The Holocaust was, perhaps, the worst humanitarian disaster of the tumultuous twentieth century. In the years immediately following the conclusion of the Second World War, scholars, as well as survivors, began piecing the history of the Nazi genocide together from documentation uncovered in obscure archives, libraries, and personal collections in Europe, and, in some cases, as far away as South America. With the onset of the Digital Age, however, these primary documents are increasingly being published online for everyone to see, study, and share. At the forefront of these digitization efforts is the United States Holocaust Memorial Museum whose website features a collection of digitized primary sources on the Holocaust, including oral histories, films, photographs, objects, and documents, as well as topically-organized bibliographies for interested readers, a searchable database for Holocaust victims and survivors, and links to survivors’ testimonies. See below for links to these helpful resources:
Includes recommended readings on various topics of Holocaust studies.
- Collections Search
Provides access to records across the Museum’s collections, including publications, photographs, objects, documents, films, music, and oral histories.
- Electronic Resources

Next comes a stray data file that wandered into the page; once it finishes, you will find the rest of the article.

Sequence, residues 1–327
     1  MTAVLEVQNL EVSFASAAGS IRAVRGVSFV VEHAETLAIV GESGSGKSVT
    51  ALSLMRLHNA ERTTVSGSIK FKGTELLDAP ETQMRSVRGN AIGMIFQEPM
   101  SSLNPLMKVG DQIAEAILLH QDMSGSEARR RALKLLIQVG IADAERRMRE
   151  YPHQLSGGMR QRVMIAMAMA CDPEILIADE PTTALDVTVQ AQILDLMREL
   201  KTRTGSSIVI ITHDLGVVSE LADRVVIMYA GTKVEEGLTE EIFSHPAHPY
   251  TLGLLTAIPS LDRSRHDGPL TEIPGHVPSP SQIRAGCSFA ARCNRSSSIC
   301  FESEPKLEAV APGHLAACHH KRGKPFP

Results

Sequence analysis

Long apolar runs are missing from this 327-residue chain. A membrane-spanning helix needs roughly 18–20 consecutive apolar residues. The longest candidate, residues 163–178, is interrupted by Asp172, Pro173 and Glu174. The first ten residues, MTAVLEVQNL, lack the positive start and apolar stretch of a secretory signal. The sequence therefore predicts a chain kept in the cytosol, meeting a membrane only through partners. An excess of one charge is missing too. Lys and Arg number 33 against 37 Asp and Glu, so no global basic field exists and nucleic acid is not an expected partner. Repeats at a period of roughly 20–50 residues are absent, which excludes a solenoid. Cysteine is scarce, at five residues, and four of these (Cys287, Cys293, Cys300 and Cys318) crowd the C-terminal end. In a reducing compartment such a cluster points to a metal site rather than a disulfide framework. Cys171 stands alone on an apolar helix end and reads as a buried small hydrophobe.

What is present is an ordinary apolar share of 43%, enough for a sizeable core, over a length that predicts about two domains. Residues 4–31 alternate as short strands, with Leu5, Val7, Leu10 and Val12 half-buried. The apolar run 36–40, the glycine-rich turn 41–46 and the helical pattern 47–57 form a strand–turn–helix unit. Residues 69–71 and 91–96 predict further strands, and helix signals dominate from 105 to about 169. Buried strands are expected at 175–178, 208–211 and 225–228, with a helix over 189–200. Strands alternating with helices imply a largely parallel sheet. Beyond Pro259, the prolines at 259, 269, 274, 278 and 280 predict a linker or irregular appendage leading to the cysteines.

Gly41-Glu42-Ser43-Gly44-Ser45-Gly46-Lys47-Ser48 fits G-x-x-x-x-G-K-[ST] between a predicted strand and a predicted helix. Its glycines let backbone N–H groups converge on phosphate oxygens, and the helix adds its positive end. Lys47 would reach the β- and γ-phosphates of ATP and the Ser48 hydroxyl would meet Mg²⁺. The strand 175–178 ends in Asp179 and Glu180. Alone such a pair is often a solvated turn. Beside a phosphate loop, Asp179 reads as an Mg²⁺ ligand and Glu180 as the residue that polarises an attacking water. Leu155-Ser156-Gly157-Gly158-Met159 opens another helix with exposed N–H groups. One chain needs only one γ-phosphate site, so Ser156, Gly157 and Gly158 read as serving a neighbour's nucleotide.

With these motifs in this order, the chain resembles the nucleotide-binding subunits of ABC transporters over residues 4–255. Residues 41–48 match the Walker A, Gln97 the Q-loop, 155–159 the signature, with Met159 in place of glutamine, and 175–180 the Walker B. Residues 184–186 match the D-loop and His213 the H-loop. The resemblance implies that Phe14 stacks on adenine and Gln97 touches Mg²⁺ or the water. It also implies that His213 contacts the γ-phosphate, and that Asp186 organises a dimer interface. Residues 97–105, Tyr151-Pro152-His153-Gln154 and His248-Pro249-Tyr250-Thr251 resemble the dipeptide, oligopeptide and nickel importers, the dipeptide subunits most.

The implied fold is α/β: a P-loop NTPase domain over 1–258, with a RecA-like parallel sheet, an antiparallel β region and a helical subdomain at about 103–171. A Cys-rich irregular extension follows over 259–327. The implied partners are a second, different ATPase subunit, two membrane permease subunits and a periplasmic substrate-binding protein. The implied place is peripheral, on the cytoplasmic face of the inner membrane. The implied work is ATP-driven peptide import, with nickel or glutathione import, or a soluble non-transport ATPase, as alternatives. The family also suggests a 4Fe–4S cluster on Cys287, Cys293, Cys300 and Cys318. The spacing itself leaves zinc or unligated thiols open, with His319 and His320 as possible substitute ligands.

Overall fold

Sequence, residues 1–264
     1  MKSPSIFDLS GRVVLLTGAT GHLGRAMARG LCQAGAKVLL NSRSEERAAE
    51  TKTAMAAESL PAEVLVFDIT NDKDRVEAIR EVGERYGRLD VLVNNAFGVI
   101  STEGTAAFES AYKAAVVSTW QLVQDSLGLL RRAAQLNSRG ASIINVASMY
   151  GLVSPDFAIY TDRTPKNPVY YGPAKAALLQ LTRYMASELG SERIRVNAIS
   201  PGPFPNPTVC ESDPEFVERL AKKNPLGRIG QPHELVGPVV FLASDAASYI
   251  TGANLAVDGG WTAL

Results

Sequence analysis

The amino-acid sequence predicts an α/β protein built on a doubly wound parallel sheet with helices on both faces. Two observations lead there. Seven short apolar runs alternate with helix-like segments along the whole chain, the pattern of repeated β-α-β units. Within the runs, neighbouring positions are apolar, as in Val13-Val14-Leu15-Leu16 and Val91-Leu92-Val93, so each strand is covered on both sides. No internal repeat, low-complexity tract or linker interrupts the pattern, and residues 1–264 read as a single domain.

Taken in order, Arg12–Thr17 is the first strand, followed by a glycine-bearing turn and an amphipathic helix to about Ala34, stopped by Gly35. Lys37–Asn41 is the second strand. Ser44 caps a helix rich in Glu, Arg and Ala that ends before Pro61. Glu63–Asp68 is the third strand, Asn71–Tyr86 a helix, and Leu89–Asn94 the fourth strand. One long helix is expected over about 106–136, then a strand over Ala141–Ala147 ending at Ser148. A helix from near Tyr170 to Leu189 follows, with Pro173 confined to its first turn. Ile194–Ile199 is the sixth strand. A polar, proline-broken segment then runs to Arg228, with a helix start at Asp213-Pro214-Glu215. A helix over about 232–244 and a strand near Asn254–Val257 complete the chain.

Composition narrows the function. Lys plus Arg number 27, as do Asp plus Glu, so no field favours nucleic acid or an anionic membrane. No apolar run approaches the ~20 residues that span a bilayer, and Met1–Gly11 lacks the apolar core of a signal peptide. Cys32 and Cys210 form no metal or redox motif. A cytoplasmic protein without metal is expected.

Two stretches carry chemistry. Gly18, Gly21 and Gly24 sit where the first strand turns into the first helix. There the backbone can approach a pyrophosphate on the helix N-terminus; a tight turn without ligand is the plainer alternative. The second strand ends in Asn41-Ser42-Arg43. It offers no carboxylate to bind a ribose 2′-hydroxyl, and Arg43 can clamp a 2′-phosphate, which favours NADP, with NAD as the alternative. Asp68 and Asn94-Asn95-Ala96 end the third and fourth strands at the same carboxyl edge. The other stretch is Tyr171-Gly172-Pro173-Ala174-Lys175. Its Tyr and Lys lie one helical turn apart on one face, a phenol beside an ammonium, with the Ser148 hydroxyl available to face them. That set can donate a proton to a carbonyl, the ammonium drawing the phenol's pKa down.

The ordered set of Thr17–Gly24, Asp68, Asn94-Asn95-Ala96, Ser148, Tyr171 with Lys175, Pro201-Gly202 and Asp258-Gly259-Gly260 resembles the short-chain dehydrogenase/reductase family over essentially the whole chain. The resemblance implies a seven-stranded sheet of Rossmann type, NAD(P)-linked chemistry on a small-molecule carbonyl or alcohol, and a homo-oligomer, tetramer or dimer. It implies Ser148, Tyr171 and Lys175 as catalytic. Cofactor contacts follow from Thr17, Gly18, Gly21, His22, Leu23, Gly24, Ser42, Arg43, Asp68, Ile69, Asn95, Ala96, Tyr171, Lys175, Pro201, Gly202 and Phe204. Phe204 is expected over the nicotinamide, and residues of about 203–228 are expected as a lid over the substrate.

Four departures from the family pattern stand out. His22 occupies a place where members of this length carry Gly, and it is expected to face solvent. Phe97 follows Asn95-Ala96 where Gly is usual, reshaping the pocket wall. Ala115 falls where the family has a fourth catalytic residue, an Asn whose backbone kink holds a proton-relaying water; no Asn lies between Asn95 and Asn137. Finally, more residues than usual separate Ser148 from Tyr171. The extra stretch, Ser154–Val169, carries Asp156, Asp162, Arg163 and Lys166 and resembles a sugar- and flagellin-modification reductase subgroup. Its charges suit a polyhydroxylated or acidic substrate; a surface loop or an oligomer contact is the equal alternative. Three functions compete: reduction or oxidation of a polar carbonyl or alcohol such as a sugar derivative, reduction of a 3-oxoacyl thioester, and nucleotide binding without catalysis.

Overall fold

Subscription-based and free databases, e-journals, digitized newspapers, and primary sources accessible from within the Museum.
- Holocaust Encyclopedia
Presents online articles on hundreds of topics, with photographs, primary sources, interviews, film footage, maps, and other artifacts.
- Holocaust Survivors and Victims Database
Centralizes information from the Museum’s collections about individual survivors and victims of the Holocaust and Nazi persecution.
- International Tracing Service
Contains an overview of the 21,000 historical collections of documentary materials contained within the archive of the International Tracing Service.
Contains records of the Library’s published materials, including books, serials, historical newspapers, feature films and documentaries, CDs, and DVDs.
- USC Shoah Foundation Testimonies
Contains more than 54,000 oral history interviews with Holocaust survivors.